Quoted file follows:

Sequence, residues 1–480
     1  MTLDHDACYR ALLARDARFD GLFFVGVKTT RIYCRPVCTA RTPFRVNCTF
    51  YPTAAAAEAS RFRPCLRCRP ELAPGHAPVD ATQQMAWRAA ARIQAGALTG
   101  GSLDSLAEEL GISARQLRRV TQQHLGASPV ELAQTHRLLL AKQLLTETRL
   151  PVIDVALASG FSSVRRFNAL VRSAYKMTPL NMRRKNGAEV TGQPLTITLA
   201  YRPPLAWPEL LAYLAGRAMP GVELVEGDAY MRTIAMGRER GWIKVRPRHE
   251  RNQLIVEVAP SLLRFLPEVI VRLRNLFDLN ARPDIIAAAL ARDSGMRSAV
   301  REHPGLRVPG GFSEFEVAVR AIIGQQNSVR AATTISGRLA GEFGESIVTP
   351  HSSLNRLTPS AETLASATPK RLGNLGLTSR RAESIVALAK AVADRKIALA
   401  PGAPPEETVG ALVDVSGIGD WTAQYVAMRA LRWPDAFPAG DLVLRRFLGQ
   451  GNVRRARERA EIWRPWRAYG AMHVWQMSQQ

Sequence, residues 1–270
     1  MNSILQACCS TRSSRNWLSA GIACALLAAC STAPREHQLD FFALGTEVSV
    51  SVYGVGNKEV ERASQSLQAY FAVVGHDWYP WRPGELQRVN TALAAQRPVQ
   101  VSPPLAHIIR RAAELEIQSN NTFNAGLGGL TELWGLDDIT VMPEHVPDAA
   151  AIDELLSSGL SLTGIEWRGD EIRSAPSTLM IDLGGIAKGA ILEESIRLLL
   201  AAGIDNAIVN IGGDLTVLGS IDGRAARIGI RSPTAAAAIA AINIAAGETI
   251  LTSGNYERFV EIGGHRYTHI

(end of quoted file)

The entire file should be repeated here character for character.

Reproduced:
Sequence, residues 1–480
     1  MTLDHDACYR ALLARDARFD GLFFVGVKTT RIYCRPVCTA RTPFRVNCTF
    51  YPTAAAAEAS RFRPCLRCRP ELAPGHAPVD ATQQMAWRAA ARIQAGALTG
   101  GSLDSLAEEL GISARQLRRV TQQHLGASPV ELAQTHRLLL AKQLLTETRL
   151  PVIDVALASG FSSVRRFNAL VRSAYKMTPL NMRRKNGAEV TGQPLTITLA
   201  YRPPLAWPEL LAYLAGRAMP GVELVEGDAY MRTIAMGRER GWIKVRPRHE
   251  RNQLIVEVAP SLLRFLPEVI VRLRNLFDLN ARPDIIAAAL ARDSGMRSAV
   301  REHPGLRVPG GFSEFEVAVR AIIGQQNSVR AATTISGRLA GEFGESIVTP
   351  HSSLNRLTPS AETLASATPK RLGNLGLTSR RAESIVALAK AVADRKIALA
   401  PGAPPEETVG ALVDVSGIGD WTAQYVAMRA LRWPDAFPAG DLVLRRFLGQ
   451  GNVRRARERA EIWRPWRAYG AMHVWQMSQQ

Sequence, residues 1–270
     1  MNSILQACCS TRSSRNWLSA GIACALLAAC STAPREHQLD FFALGTEVSV
    51  SVYGVGNKEV ERASQSLQAY FAVVGHDWYP WRPGELQRVN TALAAQRPVQ
   101  VSPPLAHIIR RAAELEIQSN NTFNAGLGGL TELWGLDDIT VMPEHVPDAA
   151  AIDELLSSGL SLTGIEWRGD EIRSAPSTLM IDLGGIAKGA ILEESIRLLL
   201  AAGIDNAIVN IGGDLTVLGS IDGRAARIGI RSPTAAAAIA AINIAAGETI
   251  LTSGNYERFV EIGGHRYTHI